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    Hillary Clinton dismissed a threat from a conservative lawmaker to impeach her on her first day as president if elected, a view she said must be "good politics with the most intense, extreme part of [Republican] base."

    "Isn't that pathetic?" the former secretary of state said with a smile. "It's just laughable, it's so totally ridiculous."

    The Democratic presidential front-runner was also forced to defend her husband's record on civil liberties issues including same sex-marriage in a wide-ranging, exclusive interview with MSNBC's Rachel Maddow Friday evening.

    "I think that sometimes as a leader in Democracy you are confronted with two bad choices. It is not an easy position to be in, and you have to try to think what is the least bad choice, and how do I try to cabin this off from having worse consequences?" she said.


    Democratic presidential candidate Hillary Clinton during an interview with MSNBC's Rachel Maddow on Friday, Oct. 22, 2015.Democratic presidential candidate Hillary Clinton during an interview with MSNBC's Rachel Maddow on Friday, Oct. 22, 2015.

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    With Halloween approaching, many people are decorating their homes. On Sun Street in Enfield two families have taken their love of the holiday to a new level nicknaming themselves “Terror on Sun Street.”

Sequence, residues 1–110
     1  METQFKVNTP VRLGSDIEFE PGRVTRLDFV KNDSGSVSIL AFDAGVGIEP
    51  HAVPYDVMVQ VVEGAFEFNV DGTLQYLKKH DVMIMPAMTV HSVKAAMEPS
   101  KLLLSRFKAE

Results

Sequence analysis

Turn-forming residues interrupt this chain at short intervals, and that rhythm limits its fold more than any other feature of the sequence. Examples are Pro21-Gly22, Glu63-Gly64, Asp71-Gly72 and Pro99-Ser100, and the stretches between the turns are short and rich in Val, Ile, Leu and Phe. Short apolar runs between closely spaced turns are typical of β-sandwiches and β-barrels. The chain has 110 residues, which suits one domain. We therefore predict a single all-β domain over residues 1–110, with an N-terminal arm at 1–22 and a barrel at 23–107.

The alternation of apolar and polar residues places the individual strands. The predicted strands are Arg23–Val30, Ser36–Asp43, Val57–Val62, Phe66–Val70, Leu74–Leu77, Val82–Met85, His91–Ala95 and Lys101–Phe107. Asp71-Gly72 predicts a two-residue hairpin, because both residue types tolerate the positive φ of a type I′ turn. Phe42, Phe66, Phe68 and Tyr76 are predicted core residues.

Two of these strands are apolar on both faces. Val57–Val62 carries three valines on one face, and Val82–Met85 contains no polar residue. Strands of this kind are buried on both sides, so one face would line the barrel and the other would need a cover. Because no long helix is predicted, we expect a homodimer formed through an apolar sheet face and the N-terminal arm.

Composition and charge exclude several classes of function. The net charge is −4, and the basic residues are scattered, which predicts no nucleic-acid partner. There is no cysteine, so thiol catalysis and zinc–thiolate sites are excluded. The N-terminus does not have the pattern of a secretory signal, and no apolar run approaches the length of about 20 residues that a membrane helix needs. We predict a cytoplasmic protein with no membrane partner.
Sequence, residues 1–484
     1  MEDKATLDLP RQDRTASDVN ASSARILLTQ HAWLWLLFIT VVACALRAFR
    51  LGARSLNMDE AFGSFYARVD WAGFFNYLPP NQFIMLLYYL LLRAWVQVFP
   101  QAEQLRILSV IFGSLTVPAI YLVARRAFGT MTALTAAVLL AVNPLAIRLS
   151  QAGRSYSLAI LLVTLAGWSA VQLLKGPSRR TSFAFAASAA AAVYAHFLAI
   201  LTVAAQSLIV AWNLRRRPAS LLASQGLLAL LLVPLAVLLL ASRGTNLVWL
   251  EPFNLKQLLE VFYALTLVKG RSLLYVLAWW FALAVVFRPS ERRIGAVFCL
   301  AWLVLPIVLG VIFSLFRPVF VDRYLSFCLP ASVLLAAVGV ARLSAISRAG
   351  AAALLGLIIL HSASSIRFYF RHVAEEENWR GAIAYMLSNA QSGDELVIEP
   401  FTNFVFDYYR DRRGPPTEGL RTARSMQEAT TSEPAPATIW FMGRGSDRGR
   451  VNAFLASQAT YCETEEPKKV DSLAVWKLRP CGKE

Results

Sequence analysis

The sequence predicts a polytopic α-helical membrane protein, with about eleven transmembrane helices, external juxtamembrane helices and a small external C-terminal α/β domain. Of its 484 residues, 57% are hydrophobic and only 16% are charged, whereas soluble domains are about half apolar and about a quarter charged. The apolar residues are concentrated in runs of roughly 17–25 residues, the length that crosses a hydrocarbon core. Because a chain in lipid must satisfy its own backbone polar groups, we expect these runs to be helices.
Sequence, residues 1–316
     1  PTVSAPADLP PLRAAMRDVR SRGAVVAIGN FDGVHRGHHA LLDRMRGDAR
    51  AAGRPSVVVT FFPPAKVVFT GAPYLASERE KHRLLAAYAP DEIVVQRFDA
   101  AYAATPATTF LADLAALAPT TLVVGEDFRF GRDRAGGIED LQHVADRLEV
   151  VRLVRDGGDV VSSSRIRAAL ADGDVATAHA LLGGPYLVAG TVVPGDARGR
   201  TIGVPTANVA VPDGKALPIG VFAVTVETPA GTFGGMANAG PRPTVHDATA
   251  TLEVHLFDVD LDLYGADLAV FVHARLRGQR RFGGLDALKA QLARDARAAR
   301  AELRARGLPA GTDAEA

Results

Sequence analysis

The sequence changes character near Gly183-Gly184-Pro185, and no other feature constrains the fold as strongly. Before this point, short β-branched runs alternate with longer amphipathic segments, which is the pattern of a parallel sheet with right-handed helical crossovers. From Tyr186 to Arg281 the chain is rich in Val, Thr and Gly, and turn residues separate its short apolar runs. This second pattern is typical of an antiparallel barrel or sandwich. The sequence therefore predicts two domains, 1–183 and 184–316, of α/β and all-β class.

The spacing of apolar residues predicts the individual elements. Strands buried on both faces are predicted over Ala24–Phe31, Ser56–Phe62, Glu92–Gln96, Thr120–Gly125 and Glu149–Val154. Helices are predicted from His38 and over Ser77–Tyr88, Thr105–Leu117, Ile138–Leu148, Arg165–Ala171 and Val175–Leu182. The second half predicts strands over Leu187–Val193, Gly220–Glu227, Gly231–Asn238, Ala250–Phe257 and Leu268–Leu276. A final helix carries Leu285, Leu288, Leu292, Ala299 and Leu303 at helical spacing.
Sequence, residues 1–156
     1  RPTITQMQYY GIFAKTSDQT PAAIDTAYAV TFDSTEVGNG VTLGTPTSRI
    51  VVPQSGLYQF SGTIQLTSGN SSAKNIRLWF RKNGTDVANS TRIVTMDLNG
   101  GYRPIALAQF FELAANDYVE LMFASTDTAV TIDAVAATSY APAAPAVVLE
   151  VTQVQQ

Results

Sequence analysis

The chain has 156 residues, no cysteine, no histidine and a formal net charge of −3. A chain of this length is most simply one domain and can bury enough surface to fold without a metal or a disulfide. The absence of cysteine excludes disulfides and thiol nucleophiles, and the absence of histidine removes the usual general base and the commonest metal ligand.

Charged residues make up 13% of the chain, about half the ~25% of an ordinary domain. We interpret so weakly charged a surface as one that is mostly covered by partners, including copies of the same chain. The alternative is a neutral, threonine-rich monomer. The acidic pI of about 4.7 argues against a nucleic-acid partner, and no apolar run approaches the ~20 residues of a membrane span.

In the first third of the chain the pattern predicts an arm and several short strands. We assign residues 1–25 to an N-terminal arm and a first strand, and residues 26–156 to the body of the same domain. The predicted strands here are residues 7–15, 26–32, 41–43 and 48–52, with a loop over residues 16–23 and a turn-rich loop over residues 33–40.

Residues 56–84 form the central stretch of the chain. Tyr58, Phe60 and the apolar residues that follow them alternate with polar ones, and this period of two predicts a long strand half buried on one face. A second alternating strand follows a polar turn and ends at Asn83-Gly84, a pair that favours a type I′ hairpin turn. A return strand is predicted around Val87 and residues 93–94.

Al Thibodeau transformed his front yard with displays he made himself. He was destined for this: His birthday is on Halloween and he started the display 25 years ago.

    “It’s always fun having my friends come over and showing them the house. It’s fun to see everyone get a blast out of it,” said Thibodeau's son, Devin.

    Al Thibodeau said the display takes a while to set up.

    “I’m out here every night three weeks probably after I get out of work until now,” said Thibodeau.

    Down the street, there’s a haunted house run by Joanne LaRocque and her family.

    “We started with just the garage and then we just went crazy. We add on and add on,” said LaRocque.

    Each year, LaRocque and her family change up this terrifying trip.

    “It’s awesome. They do a phenomenal job considering it’s just somebody’s yard,” said Tammy Holmes of Enfield.

    The two stops on the “Terror on Sun Street” also help provide a treat for the Enfield Food Shelf. People are asked to bring a non-perishable food item to check out these displays.